This article is an update from the article on antiepileptic drug (AED) therapy published in the last Continuum issue on epilepsy and is intended to cover the vast majority of agents currently available to the neurologist in the management of patients with epilepsy. Treatment of epilepsy starts with AED monotherapy. Knowledge of the spectrum of efficacy, clinical pharmacology, and modes of use for individual AEDs is essential for optimal treatment for epilepsy. This article addresses AEDs individually, focusing on key pharmacokinetic characteristics, indications, and modes of use.
Since the previous version of this article was published, three new AEDs, brivaracetam, cannabidiol, and stiripentol, have been approved by the US Food and Drug Administration (FDA), and ezogabine was removed from the market because of decreased use as a result of bluish skin pigmentation and concern over potential retinal toxicity.
Older AEDs are effective but have tolerability and pharmacokinetic disadvantages. Several newer AEDs have undergone comparative trials demonstrating efficacy equal to and tolerability at least equal to or better than older AEDs as first-line therapy. The list includes lamotrigine, oxcarbazepine, levetiracetam, topiramate, zonisamide, and lacosamide. Pregabalin was found to be less effective than lamotrigine. Lacosamide, pregabalin, and eslicarbazepine have undergone successful trials of conversion to monotherapy. Other newer AEDs with a variety of mechanisms of action are suitable for adjunctive therapy. Most recently, the FDA adopted a policy that a drug’s efficacy as adjunctive therapy in adults can be extrapolated to efficacy in monotherapy. In addition, efficacy in adults can be extrapolated for efficacy in children 4 years of age and older. Both extrapolations require data demonstrating that an AED has equivalent pharmacokinetics between its original approved use and its extrapolated use. In addition, the safety of the drug in pediatric patients has to be demonstrated in clinical studies that can be open label. Rational AED combinations should avoid AEDs with unfavorable pharmacokinetic interactions or pharmacodynamic interactions related to mechanism of action.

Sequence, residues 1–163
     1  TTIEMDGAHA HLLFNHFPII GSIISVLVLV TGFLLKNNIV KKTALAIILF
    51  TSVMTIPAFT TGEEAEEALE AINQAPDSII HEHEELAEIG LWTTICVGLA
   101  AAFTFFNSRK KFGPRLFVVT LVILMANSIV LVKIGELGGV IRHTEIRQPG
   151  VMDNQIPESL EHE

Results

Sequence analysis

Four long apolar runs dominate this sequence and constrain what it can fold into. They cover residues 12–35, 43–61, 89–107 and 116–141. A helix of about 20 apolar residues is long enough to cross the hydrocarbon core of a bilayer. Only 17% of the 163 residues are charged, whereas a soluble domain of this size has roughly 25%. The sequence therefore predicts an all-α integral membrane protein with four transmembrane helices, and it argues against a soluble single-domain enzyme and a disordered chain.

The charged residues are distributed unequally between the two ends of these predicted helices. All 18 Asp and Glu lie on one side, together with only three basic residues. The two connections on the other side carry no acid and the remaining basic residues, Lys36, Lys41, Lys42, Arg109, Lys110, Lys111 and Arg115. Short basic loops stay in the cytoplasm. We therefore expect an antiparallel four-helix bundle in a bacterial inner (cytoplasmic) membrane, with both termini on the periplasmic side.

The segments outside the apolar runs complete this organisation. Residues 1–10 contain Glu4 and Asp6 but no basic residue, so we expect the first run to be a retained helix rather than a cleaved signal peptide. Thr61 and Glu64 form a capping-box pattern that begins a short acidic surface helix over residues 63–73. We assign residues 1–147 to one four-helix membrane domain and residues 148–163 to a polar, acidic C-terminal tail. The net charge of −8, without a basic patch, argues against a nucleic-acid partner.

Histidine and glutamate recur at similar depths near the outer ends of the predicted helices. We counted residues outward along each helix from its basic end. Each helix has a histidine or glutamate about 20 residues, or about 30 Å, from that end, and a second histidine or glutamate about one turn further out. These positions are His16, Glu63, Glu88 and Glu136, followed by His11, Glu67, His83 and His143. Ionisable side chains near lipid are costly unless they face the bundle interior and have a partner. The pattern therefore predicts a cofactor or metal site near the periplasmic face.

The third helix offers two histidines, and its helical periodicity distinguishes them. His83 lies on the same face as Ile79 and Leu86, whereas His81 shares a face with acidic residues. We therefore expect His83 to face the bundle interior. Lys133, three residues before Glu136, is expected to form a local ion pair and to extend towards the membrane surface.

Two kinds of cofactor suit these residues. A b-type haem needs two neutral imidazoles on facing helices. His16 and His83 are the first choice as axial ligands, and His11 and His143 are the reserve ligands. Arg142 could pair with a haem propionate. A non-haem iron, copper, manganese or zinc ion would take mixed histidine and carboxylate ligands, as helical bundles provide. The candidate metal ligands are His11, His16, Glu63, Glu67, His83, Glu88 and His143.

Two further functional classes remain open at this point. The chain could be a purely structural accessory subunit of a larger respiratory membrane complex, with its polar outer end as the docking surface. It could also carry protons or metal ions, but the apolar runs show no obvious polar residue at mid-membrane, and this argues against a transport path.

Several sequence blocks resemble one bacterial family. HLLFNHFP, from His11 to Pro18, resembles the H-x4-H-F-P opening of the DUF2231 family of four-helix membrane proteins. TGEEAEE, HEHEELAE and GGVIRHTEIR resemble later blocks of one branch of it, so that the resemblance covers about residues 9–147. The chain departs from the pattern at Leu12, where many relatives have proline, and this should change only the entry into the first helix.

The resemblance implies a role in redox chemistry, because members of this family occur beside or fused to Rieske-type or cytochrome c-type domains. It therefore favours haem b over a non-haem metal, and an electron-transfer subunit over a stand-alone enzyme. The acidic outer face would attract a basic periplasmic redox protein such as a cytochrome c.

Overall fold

Knowledge of AED pharmacokinetics, efficacy, and tolerability profiles facilitates the choice of appropriate AED therapy for patients with epilepsy.